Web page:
Dr. Albert Mohler on Global Warming: "Something alarming is happening here"

On his nationally syndicated radio program Friday, Dr. Albert Mohler discussed former U.S. Vice-President Al Gore being awarded the Nobel Peace Prize for his work in global warming. Dr. Mohler placed his remarks in the following context:

The issue for me today, as I’m looking at this, is not so much about whether Al Gore deserves the Nobel Prize. That’s up to the Nobel Committee. It’s not even as to whether global warming fits the criterion for a peace prize. If the people giving it says it does, they’re the ones who get to decide. It’s what is global warming and, while all the world is talking about it, this is the place for intelligent Christian conversation, about how we figure out what global warming is, how we fit it within the Christian worldview, and how we move from the “So What?” to the “What Now?, the application question.

Dr. Mohler then went on to confess that his viewpoint on global warming is not the same as most evangelicals:

Just speaking honestly, I understand a lot of people (don’t buy into the theory of global warming at all). That’s not where I am. I think as I have tried to look honestly at the data I accept the fact that there is something to this; that there is a warming pattern.

But let me tell you the big questions I have about that. Number one, is this a natural kind of cyclical pattern? Is this the kind of thing that comes back again and again and again in terms of the history of the earth? We know that there have been different patterns, so that’s one question. The second question would be, are human beings causing this? That’s why we’re talking about this. If this were just some kind of natural occurrence the question would be, what do we do to try to mitigate its effects and all the rest, but if human beings are causing this, then that raises the whole question of responsibility, what can we do if we did it, can we undo it, etc.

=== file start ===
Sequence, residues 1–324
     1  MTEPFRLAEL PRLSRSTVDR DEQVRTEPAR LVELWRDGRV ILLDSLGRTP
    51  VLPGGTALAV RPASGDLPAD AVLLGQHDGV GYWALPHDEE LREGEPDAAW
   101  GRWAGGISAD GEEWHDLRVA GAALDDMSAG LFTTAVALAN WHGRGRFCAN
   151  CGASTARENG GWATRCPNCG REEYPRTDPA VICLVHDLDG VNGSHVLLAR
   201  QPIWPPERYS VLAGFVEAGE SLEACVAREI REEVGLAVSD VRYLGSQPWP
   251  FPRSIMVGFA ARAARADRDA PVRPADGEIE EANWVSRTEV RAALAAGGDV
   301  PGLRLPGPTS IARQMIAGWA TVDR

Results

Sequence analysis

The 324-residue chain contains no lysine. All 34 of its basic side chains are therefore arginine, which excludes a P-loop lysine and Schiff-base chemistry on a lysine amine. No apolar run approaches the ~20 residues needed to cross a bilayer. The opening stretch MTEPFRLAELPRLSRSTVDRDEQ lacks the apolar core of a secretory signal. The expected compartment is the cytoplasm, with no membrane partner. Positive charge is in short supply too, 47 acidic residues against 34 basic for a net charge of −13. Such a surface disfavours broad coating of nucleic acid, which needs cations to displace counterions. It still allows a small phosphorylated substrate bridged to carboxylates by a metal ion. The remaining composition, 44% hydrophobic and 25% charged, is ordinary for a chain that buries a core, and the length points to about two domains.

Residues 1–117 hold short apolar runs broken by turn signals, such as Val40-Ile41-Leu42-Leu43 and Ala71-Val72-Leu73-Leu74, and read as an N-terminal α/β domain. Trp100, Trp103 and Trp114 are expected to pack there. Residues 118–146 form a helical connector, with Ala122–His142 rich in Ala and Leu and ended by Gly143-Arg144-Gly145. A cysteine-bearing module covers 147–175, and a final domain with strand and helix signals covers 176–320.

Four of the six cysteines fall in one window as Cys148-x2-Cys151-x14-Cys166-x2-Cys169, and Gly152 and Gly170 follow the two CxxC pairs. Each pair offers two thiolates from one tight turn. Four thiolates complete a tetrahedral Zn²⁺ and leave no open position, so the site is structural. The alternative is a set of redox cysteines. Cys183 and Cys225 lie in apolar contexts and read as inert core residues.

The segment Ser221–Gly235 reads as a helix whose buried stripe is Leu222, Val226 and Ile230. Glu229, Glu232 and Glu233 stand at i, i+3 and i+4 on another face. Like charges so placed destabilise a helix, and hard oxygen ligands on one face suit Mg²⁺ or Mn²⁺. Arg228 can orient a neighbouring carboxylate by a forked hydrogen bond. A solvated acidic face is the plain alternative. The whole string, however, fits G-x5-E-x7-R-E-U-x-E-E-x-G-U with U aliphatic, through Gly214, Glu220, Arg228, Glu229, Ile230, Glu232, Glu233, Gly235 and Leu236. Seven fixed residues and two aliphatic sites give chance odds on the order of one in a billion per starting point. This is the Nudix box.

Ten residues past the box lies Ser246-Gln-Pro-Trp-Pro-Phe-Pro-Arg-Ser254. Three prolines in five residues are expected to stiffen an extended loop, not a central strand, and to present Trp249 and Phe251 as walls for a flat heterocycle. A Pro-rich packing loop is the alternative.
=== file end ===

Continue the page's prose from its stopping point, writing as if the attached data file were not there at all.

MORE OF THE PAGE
And I’ll tell you where I am on those questions. On the first question having to do with whether this is just a natural pattern, it appears that it might be in part. It also appears that it is difficult to ascertain that simply because we don’t have the kind of meteorological data, the kind of weather data…there was no one back standing with Plato in ancient Greece holding a thermometer writing down the temperature every day in Fahrenheit or Celsius, and noting the weather so that we can track all this. We didn’t even have a knowledge in previous centuries of human history about the poles. The exploration of the poles is a fairly recent thing in terms of the lifetimes of people living right now. We don’t have the kind of data we would like to have on exact sea levels and all the rest. But, on the other hand, there is some data. We know where harbors are. That tells us something about sea levels. We have water levels marked on erosion patterns, and all the rest. So, the bottom line on the first question is, I think we know enough to know that something is happening here. Something unusual, and something alarming is happening here.

The second question, did human beings cause it? I’m going to be very honest with you, this is where I have had to change my thinking somewhat. This is where I have had to assume that it must be that humans have at least some contribution to this. How much? I don’t know. I am not posing as a scientist. I am not an environmentalist. I’m not a physicist. I’m not a meteorologist. But trying as my best to look at the data and to read the most credible people, it does appear that human beings are part of this.

Now, that doesn’t mean necessarily that we have to, or even could, reverse all of this. That’s a different question. One of the people that I most respect on this issue is the man who wrote The Skeptical Environmentalist, his new book is entitled Cool It.  He’s Bjorn Lomborg. He is one who takes kind of a middle position here saying (paraphrasing), “I accept that there is such a thing as global warming. I accept that human beings are contributing to it, but let’s be real about what we could do to fix the problem and even whether we would be willing to do those things when we understood how it would change the way human beings live. ”